Navigating excessive regulations from multiple federal agencies, increased taxes, and higher costs while continuing to provide quality services to your customers and growing your business, is no small task. I appreciate you taking time away from your businesses to share your experiences in dealing with Obamacare and look forward to your testimony.

Unfortunately, we will hear the same message that small businesses have been trying to tell their elected officials for almost five years now. Obamacare’s burden on small businesses can be summed up in one comment I heard from a local leader, “For the first time small businesses are trying not to grow.”

Because Congress is exempted from the law, it is difficult for them to understand the daily struggles small businesses in their states and districts now face. That is why I introduced legislation that simply restores the rule of law and says that Congress will live under the same rules, and experience it in the same way as their constituents.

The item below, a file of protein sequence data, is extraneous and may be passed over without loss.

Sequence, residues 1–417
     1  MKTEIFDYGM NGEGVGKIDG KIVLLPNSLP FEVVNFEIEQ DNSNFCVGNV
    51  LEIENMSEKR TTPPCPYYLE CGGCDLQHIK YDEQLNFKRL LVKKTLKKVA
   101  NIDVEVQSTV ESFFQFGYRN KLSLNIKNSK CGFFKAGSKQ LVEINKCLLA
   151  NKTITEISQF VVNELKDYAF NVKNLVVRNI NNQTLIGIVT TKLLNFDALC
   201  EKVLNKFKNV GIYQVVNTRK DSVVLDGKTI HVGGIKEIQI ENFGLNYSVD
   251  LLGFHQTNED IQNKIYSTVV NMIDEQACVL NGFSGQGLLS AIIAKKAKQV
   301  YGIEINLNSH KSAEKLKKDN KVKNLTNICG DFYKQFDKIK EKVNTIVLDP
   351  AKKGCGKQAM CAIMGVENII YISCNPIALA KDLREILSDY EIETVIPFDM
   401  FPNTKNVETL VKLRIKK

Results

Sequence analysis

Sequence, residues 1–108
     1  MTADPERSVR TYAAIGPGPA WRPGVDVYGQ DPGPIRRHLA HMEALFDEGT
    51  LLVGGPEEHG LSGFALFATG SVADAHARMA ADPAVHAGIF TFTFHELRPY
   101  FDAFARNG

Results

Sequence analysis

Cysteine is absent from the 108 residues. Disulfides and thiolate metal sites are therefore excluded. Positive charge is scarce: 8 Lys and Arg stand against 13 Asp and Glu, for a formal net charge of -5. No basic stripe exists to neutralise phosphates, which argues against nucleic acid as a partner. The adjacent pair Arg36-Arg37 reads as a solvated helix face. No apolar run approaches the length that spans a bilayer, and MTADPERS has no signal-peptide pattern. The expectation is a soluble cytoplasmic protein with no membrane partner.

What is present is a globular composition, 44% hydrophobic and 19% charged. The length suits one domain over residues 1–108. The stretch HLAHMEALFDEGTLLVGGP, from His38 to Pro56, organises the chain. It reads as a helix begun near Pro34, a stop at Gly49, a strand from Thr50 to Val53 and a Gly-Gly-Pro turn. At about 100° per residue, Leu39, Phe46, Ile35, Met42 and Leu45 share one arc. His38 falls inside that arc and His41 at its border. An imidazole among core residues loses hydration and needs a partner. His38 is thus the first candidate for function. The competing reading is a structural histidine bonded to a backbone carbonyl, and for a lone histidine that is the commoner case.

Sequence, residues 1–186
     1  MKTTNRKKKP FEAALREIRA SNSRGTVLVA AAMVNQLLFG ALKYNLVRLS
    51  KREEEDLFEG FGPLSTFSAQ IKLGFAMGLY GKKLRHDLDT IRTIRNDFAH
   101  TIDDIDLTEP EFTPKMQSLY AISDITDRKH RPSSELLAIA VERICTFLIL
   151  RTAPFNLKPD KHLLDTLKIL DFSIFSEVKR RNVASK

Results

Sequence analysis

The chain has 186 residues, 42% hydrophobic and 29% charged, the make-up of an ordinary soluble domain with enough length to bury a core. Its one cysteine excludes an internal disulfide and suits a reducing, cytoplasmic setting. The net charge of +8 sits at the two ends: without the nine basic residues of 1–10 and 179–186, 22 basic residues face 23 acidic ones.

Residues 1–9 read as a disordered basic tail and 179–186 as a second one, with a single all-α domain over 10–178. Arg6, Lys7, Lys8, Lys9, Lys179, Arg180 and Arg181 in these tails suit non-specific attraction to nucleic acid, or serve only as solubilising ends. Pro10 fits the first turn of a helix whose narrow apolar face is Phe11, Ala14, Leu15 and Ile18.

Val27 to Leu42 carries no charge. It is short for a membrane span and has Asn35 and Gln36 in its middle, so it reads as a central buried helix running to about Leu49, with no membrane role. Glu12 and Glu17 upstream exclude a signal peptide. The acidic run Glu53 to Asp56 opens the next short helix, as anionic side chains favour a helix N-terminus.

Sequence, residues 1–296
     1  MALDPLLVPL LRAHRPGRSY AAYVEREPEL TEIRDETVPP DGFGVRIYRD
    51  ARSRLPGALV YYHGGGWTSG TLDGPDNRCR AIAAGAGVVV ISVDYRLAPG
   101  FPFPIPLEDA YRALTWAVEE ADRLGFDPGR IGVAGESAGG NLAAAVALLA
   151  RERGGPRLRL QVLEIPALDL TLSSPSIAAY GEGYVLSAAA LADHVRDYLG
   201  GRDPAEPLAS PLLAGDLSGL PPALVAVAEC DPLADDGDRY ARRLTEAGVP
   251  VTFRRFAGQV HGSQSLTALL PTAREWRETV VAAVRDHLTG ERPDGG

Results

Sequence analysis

Examples of the key differences between how Congress is treated under Obamacare versus the rest of America are:

1. Small businesses have limited access to financial assistance.

• In 2014 a temporary, two-year, small business tax credit was made available for small businesses with 10 or fewer employees. For firms with 11 to 25 employees, the credit is reduced. Firms with more than 25 employees are ineligible for the credit.

• However, Congress who employs 16,000 workers receives a subsidy covering 75 percent of their health premiums- an amount offered to no other American at their income level.